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Susan Finlay: The Lives of the Artists review - the knotted threads of memoir and art | reviews, news & interviews

Susan Finlay: The Lives of the Artists review - the knotted threads of memoir and art

Susan Finlay: The Lives of the Artists review - the knotted threads of memoir and art

Writing that turns with the unexpected sharpness that living demands

Scattered observations of wit and quiet beautyCourtesy of JOAN Books

Benvenuto Cellini’s My Life (1728) is not the artist-biography to which Susan Finlay’s The Lives of the Artists pays its most obvious homage, but it appears to have followed its advice. All men of achievement and honesty, Cellini argues, "should […] write in their own hands the story of their lives, but they should not begin such a fine undertaking until they have passed the age of forty."

Against Cellini’s implausibly-lived 58 years, readers learn in Finlay’s preface that she has only just entered his requisite age bracket. And as in My Life, The Lives of the Artists actually begins with a poem. Finlay’s "Ich Bin ein Berliner" is set in brittle, unrhymed stanzas, weighing up left-liberal pretend pieties against its speaker’s dishevelment, choosing "guardian angels / opium or statues of myths" over the belief "that art at least owes me a goodness".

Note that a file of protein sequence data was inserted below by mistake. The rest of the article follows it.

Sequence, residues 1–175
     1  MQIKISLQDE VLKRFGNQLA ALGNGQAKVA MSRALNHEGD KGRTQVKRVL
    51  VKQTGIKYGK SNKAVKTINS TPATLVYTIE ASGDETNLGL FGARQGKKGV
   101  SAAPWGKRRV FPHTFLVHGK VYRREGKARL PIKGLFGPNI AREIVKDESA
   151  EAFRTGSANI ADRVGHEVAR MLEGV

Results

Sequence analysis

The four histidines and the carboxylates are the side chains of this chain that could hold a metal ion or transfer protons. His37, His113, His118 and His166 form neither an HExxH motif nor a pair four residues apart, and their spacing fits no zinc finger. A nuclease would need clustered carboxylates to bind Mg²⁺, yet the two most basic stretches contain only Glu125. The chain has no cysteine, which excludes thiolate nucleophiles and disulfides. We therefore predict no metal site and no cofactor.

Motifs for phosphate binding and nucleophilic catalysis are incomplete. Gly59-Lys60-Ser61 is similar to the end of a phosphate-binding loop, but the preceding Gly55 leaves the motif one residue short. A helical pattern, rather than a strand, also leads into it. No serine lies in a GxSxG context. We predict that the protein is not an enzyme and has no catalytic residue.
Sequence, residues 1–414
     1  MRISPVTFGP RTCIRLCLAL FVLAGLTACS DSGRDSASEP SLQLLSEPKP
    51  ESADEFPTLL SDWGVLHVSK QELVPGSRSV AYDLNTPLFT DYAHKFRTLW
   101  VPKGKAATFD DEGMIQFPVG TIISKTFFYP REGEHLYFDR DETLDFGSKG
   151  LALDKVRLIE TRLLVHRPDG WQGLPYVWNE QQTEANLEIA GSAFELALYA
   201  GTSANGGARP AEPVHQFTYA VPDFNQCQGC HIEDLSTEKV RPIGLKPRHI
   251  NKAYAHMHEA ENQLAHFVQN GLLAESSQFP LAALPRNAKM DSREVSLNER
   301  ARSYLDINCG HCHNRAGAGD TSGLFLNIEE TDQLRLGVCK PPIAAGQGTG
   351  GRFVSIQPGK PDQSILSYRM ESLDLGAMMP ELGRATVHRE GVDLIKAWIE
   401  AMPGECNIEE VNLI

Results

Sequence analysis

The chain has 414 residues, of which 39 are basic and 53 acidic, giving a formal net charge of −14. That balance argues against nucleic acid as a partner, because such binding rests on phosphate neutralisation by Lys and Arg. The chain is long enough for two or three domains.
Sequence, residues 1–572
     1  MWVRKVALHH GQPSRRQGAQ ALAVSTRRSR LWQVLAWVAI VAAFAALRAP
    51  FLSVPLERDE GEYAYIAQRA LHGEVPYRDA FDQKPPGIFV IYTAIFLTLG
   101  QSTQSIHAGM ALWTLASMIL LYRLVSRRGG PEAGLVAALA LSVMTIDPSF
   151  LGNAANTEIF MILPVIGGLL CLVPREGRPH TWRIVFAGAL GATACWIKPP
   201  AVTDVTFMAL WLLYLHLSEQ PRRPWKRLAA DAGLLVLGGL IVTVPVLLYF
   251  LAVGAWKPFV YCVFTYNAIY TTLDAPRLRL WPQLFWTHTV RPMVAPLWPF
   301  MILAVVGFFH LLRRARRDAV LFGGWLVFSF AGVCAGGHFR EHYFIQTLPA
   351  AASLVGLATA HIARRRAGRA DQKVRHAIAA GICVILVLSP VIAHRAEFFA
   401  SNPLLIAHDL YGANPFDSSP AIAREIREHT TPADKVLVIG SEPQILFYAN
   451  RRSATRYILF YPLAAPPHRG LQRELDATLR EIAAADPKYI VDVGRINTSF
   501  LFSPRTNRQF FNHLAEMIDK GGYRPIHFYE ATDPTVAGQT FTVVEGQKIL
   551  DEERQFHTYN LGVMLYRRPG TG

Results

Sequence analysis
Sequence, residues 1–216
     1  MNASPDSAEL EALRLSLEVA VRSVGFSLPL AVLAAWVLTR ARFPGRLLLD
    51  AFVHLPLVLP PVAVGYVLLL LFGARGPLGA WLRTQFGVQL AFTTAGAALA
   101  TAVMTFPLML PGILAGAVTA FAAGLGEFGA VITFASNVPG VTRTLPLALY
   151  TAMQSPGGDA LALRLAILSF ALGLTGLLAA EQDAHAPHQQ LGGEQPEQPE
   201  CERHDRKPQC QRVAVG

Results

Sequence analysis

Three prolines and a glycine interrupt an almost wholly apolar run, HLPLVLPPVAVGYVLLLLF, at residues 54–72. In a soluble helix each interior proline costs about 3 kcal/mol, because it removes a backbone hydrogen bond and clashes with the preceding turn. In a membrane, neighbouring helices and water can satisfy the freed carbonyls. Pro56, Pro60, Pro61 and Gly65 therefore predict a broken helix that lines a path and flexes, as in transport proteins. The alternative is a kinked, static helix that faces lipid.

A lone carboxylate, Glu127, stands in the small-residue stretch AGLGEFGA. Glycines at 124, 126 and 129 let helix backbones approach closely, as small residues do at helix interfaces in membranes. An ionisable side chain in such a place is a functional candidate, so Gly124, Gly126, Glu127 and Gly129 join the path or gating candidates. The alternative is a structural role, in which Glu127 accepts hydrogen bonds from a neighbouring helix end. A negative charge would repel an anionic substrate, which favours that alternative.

Finlay’s memoir is partly a rejoinder to this idea: that art and its institutions are (or should be) ethically and materially affording. Finlay has little time, for instance, for the writers who have lucratively absorbed militant figures like David Wojnarowicz and Derek Jarman into their own broadsheet-friendly image, or any work "that looks or reads like a posh swot’s retelling". She also describes her experience with the HR departments at art schools:

I was forced to join in endless Professional Development Workshops, where I was underwhelmed by post-it notes (‘Susan, I see you’ve included socialism on your values tree, but I think what you really meant to write is equality and diversity, which we offer training in’).